Stop Kiss by Diana Son is the story of two young women, Sara (Kylie Anderson) and Callie (Flavia Pallozzi), living in New York in the late nineties. Each scene in the play alternates between two timelines; half of the scenes depict Sara and Callie as they meet for the first time, develop a friendship, and then slowly realize that their friendship might be something much deeper, lovelier, and more serious than they initially thought. Other scenes depict a near future where Sara is attacked by a violent man after her and Callie’s first kiss, in an act of homophobic violence. Callie must deal with the various reactions of friends, family, police, and the news media, while still struggling with her evolving feelings for Sara.
Stop Kiss is a play about the dichotomy of being queer; its very structure is a contrast between discovering the joy and freedom of stepping away from societal norms, and the pain caused by an unjust society which punishes that discovery at every turn. Director Kanomé Jones has put together an ensemble that understands this dichotomy on a visceral level, with the result that this collaboration between Pride Films and Plays and Arc Theatre touched something deep within my little queer heart in a way that no show in recent memory has.
The set, from designer Jessica Baldinger, is appropriately split in two. Most of the action takes place in the living room of Callie’s apartment, which, in accordance with Callie’s conflicted feelings about her life’s trajectory, is decorated with both bland accessories (like a plain gray CD player, and a rickety wooden bookshelf stuffed with generic paperbacks) and raucous dashes of color, like a bright red fold-out couch. Meanwhile, one corner is home to a set of purple chairs, which serve as a hospital waiting room as well as various other locales. Wrapped around the walls are large painted rectangles that alternate between white and gray, and seem almost slapdash, with poorly defined borders. This could have had an amateurish effect, but I liked it; it evoked for me the living space of someone who has a comfortable income but little idea what to do with it (Callie works as a traffic reporter for a radio station, but explains at length that she never studied journalism and doesn’t feel qualified or fulfilled in the job).
There are strong performances throughout the ensemble — but the backbone of the play is, of course, the chemistry between Callie and Sara. Anderson and Pallozzi play off of each other masterfully. Pallozzi’s performance as Callie is subtle, nuanced, and delightfully dysfunctional. Pallozzi is particularly good at portraying frustration and internal turmoil, while only allowing small bubbles of it to fizzle up to the surface. Anderson, as Sara, gives a bright and bubbly performance, playing the archetype of the cheerful, all-loving schoolteacher while giving us glimpses of the complicated, troubled person beneath.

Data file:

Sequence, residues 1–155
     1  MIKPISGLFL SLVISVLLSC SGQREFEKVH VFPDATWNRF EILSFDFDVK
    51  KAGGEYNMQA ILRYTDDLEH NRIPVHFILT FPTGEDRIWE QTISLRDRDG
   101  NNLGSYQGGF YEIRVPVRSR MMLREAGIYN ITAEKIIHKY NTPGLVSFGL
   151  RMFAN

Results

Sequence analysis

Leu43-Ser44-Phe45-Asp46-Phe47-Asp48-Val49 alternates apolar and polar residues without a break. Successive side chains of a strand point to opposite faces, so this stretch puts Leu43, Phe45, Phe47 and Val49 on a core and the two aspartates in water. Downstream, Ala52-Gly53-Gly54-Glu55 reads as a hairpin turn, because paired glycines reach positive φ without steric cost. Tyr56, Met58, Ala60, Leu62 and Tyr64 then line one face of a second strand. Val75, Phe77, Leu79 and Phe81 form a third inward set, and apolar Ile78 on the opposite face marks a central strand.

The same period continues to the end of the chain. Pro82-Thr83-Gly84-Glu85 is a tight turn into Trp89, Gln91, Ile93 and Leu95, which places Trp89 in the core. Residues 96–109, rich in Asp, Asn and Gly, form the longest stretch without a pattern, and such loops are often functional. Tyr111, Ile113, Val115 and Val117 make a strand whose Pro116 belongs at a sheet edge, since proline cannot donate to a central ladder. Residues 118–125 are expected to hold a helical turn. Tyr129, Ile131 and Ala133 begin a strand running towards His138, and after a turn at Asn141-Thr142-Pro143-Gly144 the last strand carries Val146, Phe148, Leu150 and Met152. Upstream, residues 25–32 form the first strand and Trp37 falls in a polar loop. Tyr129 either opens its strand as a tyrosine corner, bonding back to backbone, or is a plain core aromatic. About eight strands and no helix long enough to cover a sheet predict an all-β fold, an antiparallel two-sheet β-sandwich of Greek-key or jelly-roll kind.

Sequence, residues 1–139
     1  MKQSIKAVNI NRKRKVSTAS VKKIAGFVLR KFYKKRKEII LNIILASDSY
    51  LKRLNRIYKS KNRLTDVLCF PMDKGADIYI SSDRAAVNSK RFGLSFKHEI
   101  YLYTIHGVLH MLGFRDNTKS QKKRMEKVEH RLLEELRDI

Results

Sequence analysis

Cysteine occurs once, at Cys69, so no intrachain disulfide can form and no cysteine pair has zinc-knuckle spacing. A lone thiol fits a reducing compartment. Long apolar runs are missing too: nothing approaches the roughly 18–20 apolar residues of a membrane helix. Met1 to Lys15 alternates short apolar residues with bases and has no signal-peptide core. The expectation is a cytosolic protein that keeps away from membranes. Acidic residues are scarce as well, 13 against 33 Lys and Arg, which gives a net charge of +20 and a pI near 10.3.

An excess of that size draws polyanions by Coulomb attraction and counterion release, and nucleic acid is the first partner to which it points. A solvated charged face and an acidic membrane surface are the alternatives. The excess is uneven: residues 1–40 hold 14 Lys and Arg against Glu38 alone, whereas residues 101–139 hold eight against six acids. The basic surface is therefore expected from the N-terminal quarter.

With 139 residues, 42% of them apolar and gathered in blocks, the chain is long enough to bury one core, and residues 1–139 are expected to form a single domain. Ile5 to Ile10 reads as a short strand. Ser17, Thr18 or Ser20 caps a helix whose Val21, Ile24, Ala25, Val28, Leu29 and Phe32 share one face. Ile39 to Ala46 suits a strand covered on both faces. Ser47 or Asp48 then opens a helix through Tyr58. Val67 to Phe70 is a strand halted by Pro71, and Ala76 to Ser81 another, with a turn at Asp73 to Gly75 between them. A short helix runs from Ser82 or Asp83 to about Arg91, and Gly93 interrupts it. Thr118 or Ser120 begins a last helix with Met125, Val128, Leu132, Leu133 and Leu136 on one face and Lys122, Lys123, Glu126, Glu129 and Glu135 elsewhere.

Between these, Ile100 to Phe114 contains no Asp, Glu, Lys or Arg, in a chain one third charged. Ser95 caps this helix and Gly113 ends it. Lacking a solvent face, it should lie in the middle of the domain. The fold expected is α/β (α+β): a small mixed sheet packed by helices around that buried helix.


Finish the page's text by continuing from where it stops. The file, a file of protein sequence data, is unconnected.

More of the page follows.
Despite an ambitious and tightly written script, the most powerful moments in Stop, Kiss are nonverbal. The parlance of the late 90’s is devoid of much of the helpful, queer-friendly language we’ve developed in the past two decades. And so the deepening friendship, as well as the undercurrent of fear as Callie and Sara develop these forbidden feelings, is communicated through visual moments. The conversation stops suddenly, or a touch on the arm lingers just a little longer than expected; a glance is thrown and casually missed. The growing relationship and all its complications are nothing less than a careful dance — and Jones, Anderson, Pallozzi, and intimacy designer Gaby Labotka have choreographed it with precision and grace.
This show is particularly good at crystallizing one common facet of the queer experience — and that is the slow, nervous realization that your life is going to be very different than you initially thought. There’s an exhilarating thrill at finding your own queerness, discovering that the stale straightness you presumed was your destiny need not be your only option. Yet there is also fear — of rejection, abandonment, and bigotry, of striding confidently out of the closet only to be shoved violently back inside. And this is indeed what happens to Callie and Sara; this moment of joy is cruelly extinguished before it even had time to ignite, confirming their worst fears.
By segmenting the show into “before” and “after” scenes, Stop Kiss demonstrates how intertwined those opposing feelings of fear and excitement are, while simultaneously showing that they could not be more irrelevant to each other. The biting fear that holds our heroes back in the “before” is justified in the “after,” but in between? In that perfect middle point, between fear and pain? There is ample catharsis to be found, not only in triumphant declarations of love, but in tiny, unremarkable moments of connection — and it is there that Stop Kiss shines the brightest.
Kylie Anderson (Sara)
Joe Faifer (Peter/Detective Cole)
Sheila Landahl (Mrs.Winsley/Nurse)
Flavia Pallozzi (Callie)
Shane Novoa Rhoades (George)
Producer: Natalie Sallee
Director: Kanomé Jones
Assistant Director: Kimberly Logan
Stage Manager: Carinne Uslar
Production Assistant: Shannon Metts
Intimacy Designer: Gaby Labotka
Set Designer: Jessica Baldinger
Lighting/Sound Designer: Mike McShane
Costume Designer: Jennifer Mohr
Photographer: Patrick McClean